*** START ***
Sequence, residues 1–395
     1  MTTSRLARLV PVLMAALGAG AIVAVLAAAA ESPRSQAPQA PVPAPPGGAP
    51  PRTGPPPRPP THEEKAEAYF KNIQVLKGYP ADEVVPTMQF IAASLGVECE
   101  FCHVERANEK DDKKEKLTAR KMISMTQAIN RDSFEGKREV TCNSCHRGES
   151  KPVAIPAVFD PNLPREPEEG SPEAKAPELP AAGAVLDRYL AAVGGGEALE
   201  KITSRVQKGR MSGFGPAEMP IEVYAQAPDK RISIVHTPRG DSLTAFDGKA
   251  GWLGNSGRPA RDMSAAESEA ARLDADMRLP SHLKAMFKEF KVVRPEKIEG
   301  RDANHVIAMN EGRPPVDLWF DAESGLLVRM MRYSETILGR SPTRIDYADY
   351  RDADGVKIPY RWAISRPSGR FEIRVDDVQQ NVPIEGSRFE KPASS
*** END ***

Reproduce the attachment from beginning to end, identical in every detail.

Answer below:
Sequence, residues 1–395
     1  MTTSRLARLV PVLMAALGAG AIVAVLAAAA ESPRSQAPQA PVPAPPGGAP
    51  PRTGPPPRPP THEEKAEAYF KNIQVLKGYP ADEVVPTMQF IAASLGVECE
   101  FCHVERANEK DDKKEKLTAR KMISMTQAIN RDSFEGKREV TCNSCHRGES
   151  KPVAIPAVFD PNLPREPEEG SPEAKAPELP AAGAVLDRYL AAVGGGEALE
   201  KITSRVQKGR MSGFGPAEMP IEVYAQAPDK RISIVHTPRG DSLTAFDGKA
   251  GWLGNSGRPA RDMSAAESEA ARLDADMRLP SHLKAMFKEF KVVRPEKIEG
   301  RDANHVIAMN EGRPPVDLWF DAESGLLVRM MRYSETILGR SPTRIDYADY
   351  RDADGVKIPY RWAISRPSGR FEIRVDDVQQ NVPIEGSRFE KPASS